Advent II

Some photos from our Saint Martin’s Day procession:

Note from the Bishop
This past week has been a week of many events, anniversaries and news; but I hope you found some time each day for some silent reflection on what truly matters this time of year—the preparation of your soul for the arrival of Our Lord, whether for His birth in the Bethlehem stable, or for His Coming at the end of time.

Last Sunday’s Advent procession was so very edifying and was the perfect way to mark the beginning of a new liturgical year. Most of the priests here commented that they rarely, if ever, had the opportunity to see it since they were either hearing confessions or traveling on the missions. I myself have only seen it once or twice in my 17 years as a priest. The early morning Rorate Masses brought great symbolism to our Advent. These Masses are sung in a dark church where the only light is that of the many candles burning at Our Lady’s altar. The liturgical texts surround the promise of a Redeemer and the Annunciation of Our Lady, reminding us of the true meaning of the season. Jesus, the Divine Messias, then comes down from heaven to our altar. Then, following the Last Gospel, the lights in the church come on and represent Christ, the Light of the World, dispelling the darkness of sin. Our Lady is the dawn of the light, thus we ought to stay with her always, but especially now.

Last Wednesday was the feast of St. Andrew, and would have been the 29th anniversary of Bishop Dolan’s consecration. Fr. Lehtoranta reminded us in his sermon of all that His Excellency had left us with. It was he who ordained me, Fr. Lehtoranta, and Fr. McKenna, and consecrated Bishop da Silva, who would help us in our time of need by consecrating a successor to Bishop Dolan and ordaining four new priests. St. Andrew’s Day was also the 18th anniversary of Fr. Oscar Saavedra, who worked here for a few years and was also ordained by Bishop Dolan.

Fr. German Fliess, a classmate of Fr. Lehtoranta during their years in the seminary, was consecrated a bishop on Wednesday. I hope he will be a holy bishop, leading many souls to heaven. Remember him in your prayers each and every day.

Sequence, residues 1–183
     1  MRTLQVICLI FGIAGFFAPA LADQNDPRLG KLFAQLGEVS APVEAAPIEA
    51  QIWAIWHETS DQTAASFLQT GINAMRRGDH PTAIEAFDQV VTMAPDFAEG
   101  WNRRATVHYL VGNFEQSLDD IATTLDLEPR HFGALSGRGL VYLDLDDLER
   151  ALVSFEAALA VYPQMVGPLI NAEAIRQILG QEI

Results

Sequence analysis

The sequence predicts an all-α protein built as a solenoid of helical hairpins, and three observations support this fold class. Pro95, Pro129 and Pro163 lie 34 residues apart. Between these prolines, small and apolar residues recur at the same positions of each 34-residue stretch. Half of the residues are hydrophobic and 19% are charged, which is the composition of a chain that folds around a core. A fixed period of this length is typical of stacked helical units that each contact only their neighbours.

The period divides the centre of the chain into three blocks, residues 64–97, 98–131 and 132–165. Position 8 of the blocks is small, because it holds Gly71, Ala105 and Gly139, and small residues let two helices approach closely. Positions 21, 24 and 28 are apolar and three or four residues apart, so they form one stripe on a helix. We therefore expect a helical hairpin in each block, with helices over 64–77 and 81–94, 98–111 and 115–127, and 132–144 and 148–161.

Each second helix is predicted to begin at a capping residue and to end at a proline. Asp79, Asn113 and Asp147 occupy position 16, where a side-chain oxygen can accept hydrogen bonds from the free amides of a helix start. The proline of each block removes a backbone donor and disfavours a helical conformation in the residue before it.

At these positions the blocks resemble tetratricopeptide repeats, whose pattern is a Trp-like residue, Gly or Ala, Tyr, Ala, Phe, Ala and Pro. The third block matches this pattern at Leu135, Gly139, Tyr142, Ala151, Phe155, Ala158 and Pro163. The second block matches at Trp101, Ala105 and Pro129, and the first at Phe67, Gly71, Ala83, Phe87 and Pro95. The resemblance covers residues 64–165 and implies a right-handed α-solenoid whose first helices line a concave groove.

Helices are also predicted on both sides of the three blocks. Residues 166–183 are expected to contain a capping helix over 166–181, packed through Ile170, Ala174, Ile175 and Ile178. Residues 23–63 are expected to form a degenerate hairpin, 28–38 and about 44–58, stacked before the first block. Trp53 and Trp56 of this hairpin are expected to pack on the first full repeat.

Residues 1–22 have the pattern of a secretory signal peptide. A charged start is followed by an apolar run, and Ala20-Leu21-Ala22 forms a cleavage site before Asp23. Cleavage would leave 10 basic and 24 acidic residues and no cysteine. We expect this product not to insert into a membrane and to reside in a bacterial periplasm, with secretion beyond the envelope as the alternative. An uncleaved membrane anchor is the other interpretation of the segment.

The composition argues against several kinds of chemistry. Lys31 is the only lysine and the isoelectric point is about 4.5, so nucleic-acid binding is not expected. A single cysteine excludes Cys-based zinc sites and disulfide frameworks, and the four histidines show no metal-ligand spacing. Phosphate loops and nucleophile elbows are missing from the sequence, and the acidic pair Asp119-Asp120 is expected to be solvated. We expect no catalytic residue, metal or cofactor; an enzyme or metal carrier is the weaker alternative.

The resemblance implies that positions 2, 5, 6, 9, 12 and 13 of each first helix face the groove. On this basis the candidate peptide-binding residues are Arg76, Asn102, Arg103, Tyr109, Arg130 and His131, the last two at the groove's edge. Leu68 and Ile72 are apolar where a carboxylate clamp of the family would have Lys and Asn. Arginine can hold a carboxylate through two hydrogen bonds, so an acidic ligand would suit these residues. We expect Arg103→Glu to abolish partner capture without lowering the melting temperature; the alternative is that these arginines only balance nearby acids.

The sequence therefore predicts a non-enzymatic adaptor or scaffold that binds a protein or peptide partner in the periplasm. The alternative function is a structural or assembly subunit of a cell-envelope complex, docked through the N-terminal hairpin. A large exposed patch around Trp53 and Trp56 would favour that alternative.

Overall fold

The government very stealthily allowed the “Fed-Coin,” a type of digital currency, to enter its trial run here in the US. Of course, as is their way, they did it while we were focused on other things—the war and a holiday. Digital Currency and Digital ID is already being pushed in places like Australia (where its use will be attached to one’s carbon footprint, by the way) and England. Elsewhere the lockdowns are being enforced in Communist China, but the people are protesting in great numbers against the Communist Regime. Many people are still waking up and resisting Communism. Meanwhile, people are still dying “mysteriously.” But it’s not such a mystery to us, as we have known all along that the “Jab” was nothing more than a form of population control. Our position is (and always was) that the Jab, along with its boosters, is mortally sinful due to the fact that it never was a tried and true vaccine, but only a medical experiment, which moral theologians say we cannot take part in. Well, the shoe has dropped and it is becoming more evident to all who are honest with themselves that the Jab is quite literally a “Clot Shot.” I urge you to watch the documentary called “Died Suddenly.” It isn’t recommended for children, and it is a little gruesome, but it confirms the harm the Jab has done.

In any case, enough of that for now. Don’t forget the Holy Day this Thursday, and the day of fast and abstinence on Wednesday. Our Lady under the title of the Immaculate Conception is our country’s patroness. O Mary, conceived without sin, pray for us who have recourse to thee!

– Bishop McGuire